To create a picturesque pond where none previously existed,
   – Find a low location with a natural spring or stream.
   – Be sure the location has a natural egress to prevent stagnation.
   – Use a level to plan the edges of the water.
   – Dig and/or fill areas to create a jagged, irregular border.
   – Vary the elevation around the edge of the water.
   – Create variety along the border with pebbles, rocks, and plantings.
   – Utilize old tree stumps and moss-covered rocks to suggest age.
           Parallel Structure
The following example shows a list of verb
phrases that complete the infinitive (“to” form):

Downing recommends using curving paths to

  – create a more natural landscape

  – allow more diverse views

  – control the approach to the main residence

  – provide more pleasing opportunities for exercise
           Parallel Structure
The following example shows a list of –ing verb
phrases:

In laying out walks and paths, Downing recommends:

  – Using easy flowing curves
  – Avoiding sharp angles and abrupt turn
  – Following the natural shapes of the surface
  – Providing reason for the curves (avoiding trees,
     rocks, etc.)
          Parallel Structure
The following list uses parallel noun phrases:

Downing recommends specific features to
create a picturesque effect:
  – Easy undulations in the ground’s surface
  – Deliberate groupings of trees with luxuriant
     branches and full foliage
  – Curved paths without straight lines or sharp
     angles curves
  – Smooth lakes with irregular margins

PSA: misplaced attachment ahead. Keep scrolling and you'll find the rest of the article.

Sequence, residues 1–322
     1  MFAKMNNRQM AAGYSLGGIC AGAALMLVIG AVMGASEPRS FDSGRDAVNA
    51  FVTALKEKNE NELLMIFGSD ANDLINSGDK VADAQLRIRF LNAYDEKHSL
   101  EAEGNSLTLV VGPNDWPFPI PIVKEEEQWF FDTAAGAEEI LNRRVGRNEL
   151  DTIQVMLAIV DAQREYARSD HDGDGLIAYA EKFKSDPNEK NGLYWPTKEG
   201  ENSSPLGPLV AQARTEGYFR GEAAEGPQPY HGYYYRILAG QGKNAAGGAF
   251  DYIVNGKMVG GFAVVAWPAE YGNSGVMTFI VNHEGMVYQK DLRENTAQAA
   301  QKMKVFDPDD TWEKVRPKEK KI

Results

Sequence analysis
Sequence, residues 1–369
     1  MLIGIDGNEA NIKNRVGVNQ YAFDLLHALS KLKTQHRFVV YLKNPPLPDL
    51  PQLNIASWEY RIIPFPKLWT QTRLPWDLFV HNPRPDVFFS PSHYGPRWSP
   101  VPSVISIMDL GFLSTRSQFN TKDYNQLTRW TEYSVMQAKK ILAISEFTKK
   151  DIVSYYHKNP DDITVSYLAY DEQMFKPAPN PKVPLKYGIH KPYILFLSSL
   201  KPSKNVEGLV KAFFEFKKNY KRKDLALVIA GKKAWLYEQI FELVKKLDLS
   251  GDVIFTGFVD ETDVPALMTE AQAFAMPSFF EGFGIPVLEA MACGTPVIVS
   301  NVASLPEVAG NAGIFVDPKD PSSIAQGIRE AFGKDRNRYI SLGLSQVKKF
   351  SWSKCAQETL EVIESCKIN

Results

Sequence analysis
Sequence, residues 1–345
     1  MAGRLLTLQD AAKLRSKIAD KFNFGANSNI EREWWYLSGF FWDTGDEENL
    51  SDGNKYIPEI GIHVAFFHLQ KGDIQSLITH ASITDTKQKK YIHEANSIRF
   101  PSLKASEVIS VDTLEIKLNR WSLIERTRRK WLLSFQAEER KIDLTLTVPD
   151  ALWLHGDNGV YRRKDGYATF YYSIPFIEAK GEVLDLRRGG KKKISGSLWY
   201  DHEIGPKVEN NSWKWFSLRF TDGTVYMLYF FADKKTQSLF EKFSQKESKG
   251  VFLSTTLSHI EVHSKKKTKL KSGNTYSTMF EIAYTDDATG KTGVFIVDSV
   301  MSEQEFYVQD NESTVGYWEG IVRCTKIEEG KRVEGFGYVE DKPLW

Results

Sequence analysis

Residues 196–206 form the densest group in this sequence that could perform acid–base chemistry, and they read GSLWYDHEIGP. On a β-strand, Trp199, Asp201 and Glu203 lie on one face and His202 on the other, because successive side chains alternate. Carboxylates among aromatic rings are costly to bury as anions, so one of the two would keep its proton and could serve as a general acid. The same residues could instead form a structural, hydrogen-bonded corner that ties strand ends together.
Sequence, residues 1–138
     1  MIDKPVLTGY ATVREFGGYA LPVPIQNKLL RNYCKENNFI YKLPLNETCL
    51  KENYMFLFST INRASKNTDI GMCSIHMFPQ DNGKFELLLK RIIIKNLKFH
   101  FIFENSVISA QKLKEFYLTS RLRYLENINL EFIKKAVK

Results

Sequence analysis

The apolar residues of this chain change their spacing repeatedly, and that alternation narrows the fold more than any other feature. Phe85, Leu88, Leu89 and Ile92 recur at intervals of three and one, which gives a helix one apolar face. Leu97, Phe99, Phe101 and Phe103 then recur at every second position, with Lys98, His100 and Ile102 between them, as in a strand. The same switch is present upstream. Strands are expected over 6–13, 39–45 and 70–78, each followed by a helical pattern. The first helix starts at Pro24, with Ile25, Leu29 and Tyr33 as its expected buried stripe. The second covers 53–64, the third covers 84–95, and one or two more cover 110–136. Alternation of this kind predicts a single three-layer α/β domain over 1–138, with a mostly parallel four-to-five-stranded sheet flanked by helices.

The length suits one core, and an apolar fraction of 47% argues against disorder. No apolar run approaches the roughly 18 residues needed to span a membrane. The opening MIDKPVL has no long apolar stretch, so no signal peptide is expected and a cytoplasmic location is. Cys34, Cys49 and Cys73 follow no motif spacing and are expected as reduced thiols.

Parallel Structure
  Capitalization and Punctuation
Bulleted lists using complete sentences
should always capitalize the first word of each
item and use a period at the end of each item.

If the bulleted list uses fragments, it does not
matter whether the first word of each item is
capitalized, but BE CONSISTENT—not only
within each list, but throughout any lists within
the same project.
   Using Images in PowerPoint

Images should help illustrate points in your
oral presentation.

Images should clearly convey information.

Images should be appropriate for your
audience.
   Using Images in PowerPoint
Types of Images you might consider:
    • Photographs
    • Drawings
    • Diagrams
    • Tables
    • Charts
    • Graphs
    • Maps
    • Video
    Using Citations in PowerPoint
Like any other project, PowerPoint presentations
require appropriate documentation.
As in an essay, you may use parenthetical citations or
name your source in the text on the slide.
For quoted text (words) or cited statistics, include your
source on the slide.
For images, graphs, maps, etc., you may either include
the citation on the page, or add a slide at the end for
image credits.
The final slide of your presentation should be a
reference list.
                 References
Brown, R. (2006). New “old” trends in landscape
design. Landscape Architecture, 24(1), 44-72.

Downing, A. J. (1841). Treatise on the Theory and
Practice of Landscape Gardening, Henry Addams
Publications.

Jones, B. (1997). Downing’s use of picturesque
design. Landscape History, 8(4), 19-27.

Logan, H. (2001, June). Preserving historic
landscapes. This Old House Magazine, 27-31.